Regular crafting helps undo damage from screentime
If you’re like most people today, you spend hours a day in front of a screen. Americans now spend at least half their lives in front of a screen, five times as long compared to 50 years ago. This excessive screen time has been linked with neurodevelopmental issues in children and “digital dementia” in adults, not to mention depression, isolation, sleep disorders, and anxiety.
While the answer is to spend less time using screens, the problem is screen time also appears to be uniquely addictive for us all.
Is there an antidote? Studies show spending time working with your hands crafting, building, gardening, etc. can provide unique qualities that boost your physical and neurological health. If you’re working to manage a chronic condition such as autoimmune disease of gastrointestinal disease, regular craft time can be a fun and beneficial tool in your health toolbox.
For instance, knitting, crocheting, sewing, and other textile crafts have been shown to have the same neurological benefits as meditation and mindfulness.
Regular knitters have reported knitting makes them feel happy and they are drawn to the craft for its stress relief and anti-anxiety effects. People who knit three or more times a week reported more benefit than those who knitted less frequently.
What’s more, people who knitted in a group or did some other type of group craft activity were even happier than those who knitted solo, thanks to the proven health benefits of socialization.
About three quarters of patients with anorexia nervosa reported knitting distracted them from obsessive, ruminating thoughts about food and weight and helped them feel more relaxed.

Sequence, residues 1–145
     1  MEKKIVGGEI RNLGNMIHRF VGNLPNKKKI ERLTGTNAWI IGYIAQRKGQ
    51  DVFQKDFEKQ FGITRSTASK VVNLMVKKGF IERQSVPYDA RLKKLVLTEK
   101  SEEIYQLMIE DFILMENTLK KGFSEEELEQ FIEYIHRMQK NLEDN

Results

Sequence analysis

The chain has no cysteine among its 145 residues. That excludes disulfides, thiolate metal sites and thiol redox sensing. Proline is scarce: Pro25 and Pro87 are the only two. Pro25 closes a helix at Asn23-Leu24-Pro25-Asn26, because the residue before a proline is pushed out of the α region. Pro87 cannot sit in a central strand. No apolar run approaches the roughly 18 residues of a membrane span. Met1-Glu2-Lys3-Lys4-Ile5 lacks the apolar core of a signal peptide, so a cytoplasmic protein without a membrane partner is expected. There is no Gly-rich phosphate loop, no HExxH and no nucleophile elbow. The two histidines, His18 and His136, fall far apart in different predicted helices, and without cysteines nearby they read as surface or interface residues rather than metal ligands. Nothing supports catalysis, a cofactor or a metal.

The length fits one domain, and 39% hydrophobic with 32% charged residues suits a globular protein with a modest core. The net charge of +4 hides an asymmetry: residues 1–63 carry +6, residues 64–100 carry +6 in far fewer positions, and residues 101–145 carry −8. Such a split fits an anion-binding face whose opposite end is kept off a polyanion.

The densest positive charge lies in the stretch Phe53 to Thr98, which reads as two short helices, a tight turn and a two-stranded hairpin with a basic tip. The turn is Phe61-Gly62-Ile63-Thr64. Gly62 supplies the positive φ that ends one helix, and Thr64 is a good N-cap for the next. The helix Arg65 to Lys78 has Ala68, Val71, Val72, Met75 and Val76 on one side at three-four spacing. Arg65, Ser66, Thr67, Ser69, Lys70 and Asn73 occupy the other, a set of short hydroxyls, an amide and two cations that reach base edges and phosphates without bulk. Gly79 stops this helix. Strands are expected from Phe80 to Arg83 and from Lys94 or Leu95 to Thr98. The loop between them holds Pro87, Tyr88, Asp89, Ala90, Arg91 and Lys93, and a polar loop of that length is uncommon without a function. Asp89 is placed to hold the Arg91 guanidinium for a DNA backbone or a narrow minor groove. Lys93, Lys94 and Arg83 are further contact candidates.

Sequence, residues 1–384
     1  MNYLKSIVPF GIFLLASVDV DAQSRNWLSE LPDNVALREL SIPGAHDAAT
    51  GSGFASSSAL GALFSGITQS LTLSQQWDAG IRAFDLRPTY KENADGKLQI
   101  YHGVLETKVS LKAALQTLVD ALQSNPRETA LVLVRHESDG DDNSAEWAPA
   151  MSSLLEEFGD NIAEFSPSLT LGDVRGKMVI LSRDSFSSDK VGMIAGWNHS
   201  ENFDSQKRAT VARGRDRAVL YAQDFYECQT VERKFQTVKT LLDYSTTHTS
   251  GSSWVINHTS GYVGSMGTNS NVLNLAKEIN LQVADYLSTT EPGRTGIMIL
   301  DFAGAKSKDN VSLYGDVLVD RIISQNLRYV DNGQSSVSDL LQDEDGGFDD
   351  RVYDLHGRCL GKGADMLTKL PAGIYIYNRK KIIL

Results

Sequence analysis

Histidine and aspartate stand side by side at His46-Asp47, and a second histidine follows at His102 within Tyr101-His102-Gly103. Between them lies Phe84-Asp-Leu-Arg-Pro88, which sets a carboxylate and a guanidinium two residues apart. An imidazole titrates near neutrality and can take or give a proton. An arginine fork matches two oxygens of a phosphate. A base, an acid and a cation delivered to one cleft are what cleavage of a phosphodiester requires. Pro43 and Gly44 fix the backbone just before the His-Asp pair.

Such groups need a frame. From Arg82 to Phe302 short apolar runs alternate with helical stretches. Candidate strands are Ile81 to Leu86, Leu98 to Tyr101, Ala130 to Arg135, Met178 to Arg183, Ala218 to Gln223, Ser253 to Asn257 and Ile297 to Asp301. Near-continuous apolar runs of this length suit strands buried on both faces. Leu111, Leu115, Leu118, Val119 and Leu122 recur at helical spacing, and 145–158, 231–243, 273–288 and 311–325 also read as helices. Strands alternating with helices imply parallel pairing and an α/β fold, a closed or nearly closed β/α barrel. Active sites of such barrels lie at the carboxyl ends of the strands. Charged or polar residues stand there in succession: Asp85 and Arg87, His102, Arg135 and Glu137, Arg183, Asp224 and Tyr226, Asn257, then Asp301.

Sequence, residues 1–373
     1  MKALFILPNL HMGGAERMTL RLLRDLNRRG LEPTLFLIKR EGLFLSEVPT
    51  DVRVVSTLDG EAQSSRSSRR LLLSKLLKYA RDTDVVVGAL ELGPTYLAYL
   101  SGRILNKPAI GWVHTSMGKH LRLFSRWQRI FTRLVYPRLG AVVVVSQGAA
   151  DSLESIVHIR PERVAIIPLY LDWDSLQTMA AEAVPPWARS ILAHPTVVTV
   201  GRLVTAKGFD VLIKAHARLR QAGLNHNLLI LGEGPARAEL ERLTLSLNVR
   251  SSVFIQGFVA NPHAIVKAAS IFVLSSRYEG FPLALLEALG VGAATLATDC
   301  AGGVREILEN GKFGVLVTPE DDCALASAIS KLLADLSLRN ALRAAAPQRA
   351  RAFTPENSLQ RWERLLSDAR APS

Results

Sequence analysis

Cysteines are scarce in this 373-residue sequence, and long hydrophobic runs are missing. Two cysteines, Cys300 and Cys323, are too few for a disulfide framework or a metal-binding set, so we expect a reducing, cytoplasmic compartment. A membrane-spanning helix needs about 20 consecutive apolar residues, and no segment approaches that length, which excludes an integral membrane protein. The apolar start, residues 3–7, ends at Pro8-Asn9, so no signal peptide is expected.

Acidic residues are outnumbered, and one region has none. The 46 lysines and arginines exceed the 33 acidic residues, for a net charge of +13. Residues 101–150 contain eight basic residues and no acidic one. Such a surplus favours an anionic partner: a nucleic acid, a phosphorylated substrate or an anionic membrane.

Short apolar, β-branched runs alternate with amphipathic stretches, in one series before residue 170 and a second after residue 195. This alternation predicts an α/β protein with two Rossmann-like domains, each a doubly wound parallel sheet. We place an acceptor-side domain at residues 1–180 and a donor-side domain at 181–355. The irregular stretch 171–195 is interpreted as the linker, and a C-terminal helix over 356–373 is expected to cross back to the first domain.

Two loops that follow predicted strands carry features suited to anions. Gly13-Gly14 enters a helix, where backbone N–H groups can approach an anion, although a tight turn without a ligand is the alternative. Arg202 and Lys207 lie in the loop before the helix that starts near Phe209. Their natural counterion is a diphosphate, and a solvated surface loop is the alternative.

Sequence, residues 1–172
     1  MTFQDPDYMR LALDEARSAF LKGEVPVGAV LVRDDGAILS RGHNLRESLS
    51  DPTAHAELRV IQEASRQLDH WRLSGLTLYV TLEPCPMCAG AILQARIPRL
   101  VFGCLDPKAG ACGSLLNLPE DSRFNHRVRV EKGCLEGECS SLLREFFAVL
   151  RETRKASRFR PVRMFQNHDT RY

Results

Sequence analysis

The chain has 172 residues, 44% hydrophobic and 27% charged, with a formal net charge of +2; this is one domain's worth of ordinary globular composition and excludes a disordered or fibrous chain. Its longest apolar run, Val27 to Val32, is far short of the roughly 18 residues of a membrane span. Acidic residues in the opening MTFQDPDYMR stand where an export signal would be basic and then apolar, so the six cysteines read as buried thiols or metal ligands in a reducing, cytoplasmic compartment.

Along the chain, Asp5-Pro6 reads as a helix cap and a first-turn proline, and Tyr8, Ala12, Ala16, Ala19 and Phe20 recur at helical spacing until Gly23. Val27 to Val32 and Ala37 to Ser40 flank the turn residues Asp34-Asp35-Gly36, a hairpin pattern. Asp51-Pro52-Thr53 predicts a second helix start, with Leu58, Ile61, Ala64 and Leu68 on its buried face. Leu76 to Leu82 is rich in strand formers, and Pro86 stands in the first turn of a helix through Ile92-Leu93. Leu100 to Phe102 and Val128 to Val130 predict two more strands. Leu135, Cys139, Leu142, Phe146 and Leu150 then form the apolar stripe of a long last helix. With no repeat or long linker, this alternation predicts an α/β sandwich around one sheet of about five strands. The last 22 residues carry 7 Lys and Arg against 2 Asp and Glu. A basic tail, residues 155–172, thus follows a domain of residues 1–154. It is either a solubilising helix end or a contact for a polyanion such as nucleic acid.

Oncology nurses reported knitting reduced compassion fatigue and stress in one study, and another found people with chronic fatigue, depression, and other chronic health disorders experienced increased positivity and well being engaging in textile crafts.
While these crafts are associated primarily with women, research has also found traditionally male crafts, such as woodworking, repair jobs, and “tinkering” impart the same benefits.
The benefits of crafting are believed to be derived from the “flow state” of repetitive mindful action crafts require.
Working with your hands is good for the brain
Although crafting delivers psychological benefits that translate into biochemical mood boosts, there is another important aspect of crafting — working with your hands is great for the brain.
In an era when many of us use our hands primarily for texting, typing, and swiping, handiwork and crafting can activate long dormant areas of the brain. And healthy brain activity in one area, such as the “hands” area, will help improve activity throughout the rest of the brain, contributing to overall improved brain health.
Working with your hands on something physical boosts reward circuits in the brain in ways working abstractly only with your brain doesn’t. This in turn triggers a cascade of neurochemical reactions that improve motivation and self-esteem and relieve depression.
The repetition, memory, and learning required when engaging in a task keeps the brain engaged in a mindful manner while freeing up the “thinking” centers of the brain that are engaged for knowledge tasks. This is not only calming and therapeutic for anxiety and obsessive thoughts, but many people report that this cognitive brain break allows problem solving and creative solutions to spontaneously arrive while crafting.
Knitting, woodworking, scrapbooking, and other crafts may seem like an odd recovery tool when you’re working to manage autoimmunity, gastrointestinal disease, or other chronic health disorders, but once you understand their physical and mental benefits, it makes perfect sense to ditch the screen for some handiwork on a frequent basis.